When it comes to the future of AI, there are still a lot of question marks though it remains a hot topic. New LLMs are popping up on the market, including Elon Musk’s new AI. The White House recently released a statement on AI that I highly recommend reading as it includes an announcement that foreign nationals with skills in AI have been added as a category for green card applicants. There seems to be a desire not to fall behind in the AI race on the global scale. Regardless of our personal acceptance and use of AI, our students will compete in this job market of the future, so building those AI literacy skills in ourselves will not only help us save hours of time, but it will prepare us to have a nuanced and thoughtful discussion, in our classrooms and communities, about the future of AI.
"Almanack: AI-Integrated Educational Planning." Almanack, 2023, www.almanack.com. Accessed 9 Nov. 2023.
"Bard" Google 2023, https://bard.google.com/chat. Accessed 9 Nov. 2023.
"ChatG" OpenAI, 2023, www.openai.com/chatgpt. Accessed 9 Nov. 2023.
"Diffit: AI for Education." Diffit, 2023, www.diffit.com. Accessed 9 Nov. 2023.
“I wrote this blog post about AI applications in Education. Can you give me some feedback about it? I also still need a title.” prompt. ChatGPT, GPT-4, OpenAI, 30 Jun. 2023, https://chat.openai.com/share/d170d868-f67f-4c10-83af-804d8d39eebd.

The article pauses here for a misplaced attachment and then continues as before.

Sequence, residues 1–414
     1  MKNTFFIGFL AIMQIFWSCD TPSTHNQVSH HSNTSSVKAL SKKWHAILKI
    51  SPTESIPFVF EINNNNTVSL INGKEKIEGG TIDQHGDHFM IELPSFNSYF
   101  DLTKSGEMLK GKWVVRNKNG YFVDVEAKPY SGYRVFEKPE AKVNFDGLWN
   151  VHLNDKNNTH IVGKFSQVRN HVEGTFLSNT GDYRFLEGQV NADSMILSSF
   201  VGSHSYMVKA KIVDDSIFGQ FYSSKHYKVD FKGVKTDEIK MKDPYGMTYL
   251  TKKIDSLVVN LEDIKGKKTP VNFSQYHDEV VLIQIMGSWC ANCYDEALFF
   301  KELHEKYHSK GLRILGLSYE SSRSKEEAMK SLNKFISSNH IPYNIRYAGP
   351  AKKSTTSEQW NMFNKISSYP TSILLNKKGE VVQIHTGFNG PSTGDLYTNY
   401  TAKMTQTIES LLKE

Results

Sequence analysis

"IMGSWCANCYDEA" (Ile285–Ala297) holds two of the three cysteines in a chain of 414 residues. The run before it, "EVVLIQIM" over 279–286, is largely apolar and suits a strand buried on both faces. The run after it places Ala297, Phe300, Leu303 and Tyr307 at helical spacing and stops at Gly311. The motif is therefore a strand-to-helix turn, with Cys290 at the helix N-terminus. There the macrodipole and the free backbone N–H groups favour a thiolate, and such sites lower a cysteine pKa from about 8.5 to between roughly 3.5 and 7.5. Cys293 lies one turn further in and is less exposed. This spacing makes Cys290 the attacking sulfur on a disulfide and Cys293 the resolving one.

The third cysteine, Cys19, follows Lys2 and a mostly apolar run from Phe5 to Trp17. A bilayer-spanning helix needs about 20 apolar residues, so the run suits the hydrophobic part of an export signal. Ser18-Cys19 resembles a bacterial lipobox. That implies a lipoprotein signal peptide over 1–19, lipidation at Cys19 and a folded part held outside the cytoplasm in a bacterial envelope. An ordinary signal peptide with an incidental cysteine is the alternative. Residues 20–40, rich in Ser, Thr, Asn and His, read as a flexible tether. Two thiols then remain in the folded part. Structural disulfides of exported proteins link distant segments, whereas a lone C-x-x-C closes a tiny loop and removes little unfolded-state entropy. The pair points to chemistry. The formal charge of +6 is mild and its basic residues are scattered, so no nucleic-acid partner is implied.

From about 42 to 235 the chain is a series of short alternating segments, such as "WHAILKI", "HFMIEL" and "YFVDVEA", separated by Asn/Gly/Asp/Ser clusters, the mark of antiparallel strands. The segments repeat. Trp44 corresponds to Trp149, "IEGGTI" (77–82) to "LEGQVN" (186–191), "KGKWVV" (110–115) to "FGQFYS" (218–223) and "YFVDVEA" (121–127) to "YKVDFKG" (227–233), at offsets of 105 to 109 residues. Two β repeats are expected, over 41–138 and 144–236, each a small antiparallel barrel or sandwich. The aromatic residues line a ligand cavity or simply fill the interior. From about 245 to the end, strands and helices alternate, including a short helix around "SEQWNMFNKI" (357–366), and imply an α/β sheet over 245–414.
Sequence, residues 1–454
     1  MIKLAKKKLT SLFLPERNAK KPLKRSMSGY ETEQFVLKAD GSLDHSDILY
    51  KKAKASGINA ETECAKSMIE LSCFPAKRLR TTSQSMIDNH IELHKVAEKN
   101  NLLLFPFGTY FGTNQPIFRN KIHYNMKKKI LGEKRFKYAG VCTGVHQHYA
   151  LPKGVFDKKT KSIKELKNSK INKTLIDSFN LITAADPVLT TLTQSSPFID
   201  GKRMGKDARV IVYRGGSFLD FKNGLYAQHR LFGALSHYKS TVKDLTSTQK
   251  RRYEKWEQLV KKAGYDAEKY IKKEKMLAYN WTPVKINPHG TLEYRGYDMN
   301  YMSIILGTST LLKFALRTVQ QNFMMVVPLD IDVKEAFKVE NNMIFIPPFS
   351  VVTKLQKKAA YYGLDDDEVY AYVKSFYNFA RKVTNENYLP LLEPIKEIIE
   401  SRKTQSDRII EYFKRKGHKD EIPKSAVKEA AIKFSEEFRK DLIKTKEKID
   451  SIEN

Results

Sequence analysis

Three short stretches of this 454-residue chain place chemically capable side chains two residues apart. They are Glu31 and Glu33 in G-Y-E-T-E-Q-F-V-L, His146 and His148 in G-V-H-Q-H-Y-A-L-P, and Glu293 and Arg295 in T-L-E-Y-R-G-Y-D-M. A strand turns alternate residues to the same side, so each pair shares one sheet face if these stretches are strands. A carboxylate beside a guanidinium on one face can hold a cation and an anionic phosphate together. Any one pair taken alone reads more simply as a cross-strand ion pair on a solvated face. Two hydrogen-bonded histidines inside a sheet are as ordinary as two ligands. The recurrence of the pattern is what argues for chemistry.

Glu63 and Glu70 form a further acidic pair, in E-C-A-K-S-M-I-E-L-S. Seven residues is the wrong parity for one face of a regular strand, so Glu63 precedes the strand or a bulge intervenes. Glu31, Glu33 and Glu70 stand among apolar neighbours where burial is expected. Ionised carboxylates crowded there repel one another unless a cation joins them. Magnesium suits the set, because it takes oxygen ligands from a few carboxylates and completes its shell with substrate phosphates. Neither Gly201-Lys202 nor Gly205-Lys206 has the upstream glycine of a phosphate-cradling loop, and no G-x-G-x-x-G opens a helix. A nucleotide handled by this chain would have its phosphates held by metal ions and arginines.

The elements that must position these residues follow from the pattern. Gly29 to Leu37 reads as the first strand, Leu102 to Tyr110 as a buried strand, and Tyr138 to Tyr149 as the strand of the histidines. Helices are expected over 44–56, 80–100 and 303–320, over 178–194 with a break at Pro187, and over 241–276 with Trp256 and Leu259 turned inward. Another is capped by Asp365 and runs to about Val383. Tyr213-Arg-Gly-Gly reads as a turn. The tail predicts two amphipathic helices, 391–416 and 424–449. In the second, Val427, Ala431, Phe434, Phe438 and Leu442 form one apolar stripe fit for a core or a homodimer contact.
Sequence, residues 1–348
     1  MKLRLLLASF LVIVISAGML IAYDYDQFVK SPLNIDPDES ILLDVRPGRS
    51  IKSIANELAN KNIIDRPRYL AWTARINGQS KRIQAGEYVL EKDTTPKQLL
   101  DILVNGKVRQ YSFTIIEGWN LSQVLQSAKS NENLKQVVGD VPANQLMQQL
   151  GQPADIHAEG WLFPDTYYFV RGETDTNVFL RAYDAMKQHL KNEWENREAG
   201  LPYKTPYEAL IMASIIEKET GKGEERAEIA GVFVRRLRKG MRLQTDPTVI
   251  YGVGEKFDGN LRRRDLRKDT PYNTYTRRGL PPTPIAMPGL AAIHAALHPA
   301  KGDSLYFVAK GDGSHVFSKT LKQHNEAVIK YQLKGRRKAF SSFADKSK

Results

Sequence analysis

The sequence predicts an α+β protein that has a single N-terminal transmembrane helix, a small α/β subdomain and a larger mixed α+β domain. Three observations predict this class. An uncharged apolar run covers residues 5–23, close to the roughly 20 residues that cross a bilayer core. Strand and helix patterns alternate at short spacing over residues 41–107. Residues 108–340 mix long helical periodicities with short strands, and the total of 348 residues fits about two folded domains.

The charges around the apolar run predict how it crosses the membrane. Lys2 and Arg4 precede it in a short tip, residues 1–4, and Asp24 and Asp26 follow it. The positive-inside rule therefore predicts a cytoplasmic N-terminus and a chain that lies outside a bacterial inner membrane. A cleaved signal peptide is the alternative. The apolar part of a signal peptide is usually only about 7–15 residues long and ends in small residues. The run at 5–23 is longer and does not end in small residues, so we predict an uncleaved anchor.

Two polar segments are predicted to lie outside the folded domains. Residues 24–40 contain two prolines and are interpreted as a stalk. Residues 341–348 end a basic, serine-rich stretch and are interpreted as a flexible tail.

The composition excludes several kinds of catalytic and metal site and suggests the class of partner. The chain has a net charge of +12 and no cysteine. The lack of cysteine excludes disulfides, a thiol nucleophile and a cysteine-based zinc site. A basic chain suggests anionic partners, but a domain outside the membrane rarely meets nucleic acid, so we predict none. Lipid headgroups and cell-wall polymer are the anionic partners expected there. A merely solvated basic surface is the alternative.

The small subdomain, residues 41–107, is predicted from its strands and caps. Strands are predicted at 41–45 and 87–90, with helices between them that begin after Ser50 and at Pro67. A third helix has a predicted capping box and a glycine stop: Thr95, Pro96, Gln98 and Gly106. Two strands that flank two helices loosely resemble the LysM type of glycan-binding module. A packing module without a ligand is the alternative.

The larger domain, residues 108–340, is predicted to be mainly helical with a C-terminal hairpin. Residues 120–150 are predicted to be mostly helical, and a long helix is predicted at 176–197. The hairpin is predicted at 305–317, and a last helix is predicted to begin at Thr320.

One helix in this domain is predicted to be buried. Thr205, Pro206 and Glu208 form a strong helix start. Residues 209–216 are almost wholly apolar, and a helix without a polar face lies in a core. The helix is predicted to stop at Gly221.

"LitLab: AI-Driven Literacy Tools." LitLab, 2023, www.litlab.com. Accessed 9 Nov. 2023.
"Magicschool: AI Tools for Teachers." Magicschool, 2023, www.magicschool.com. Accessed 9 Nov. 2023.
McKinsey & Company. "How Artificial Intelligence Will Impact K–12 Teachers." McKinsey & Company, www.mckinsey.com/industries/education/our-insights/how-artificial-intelligence-will-impact-k-12-teachers. Accessed 9 Nov. 2023.
“Okay, I'm writing this blog post and I have a structure ready for it. What do you think about it?” prompt. ChatGPT, GPT-4, OpenAI, 30 Jun. 2023, https://chat.openai.com/share/99f579cb-42d3-4113-b5d3-44c0c40fa131
"U.S. to Fast-Track Green Cards for AI Experts." AI News, 2023, www.ainews.com/us-green-card-ai-experts. Accessed 9 Nov. 2023.
"White House Press Briefing on Artificial Intelligence." The White House, 2023, www.whitehouse.gov/press-briefing-on-artificial-intelligence. Accessed 9 Nov. 2023.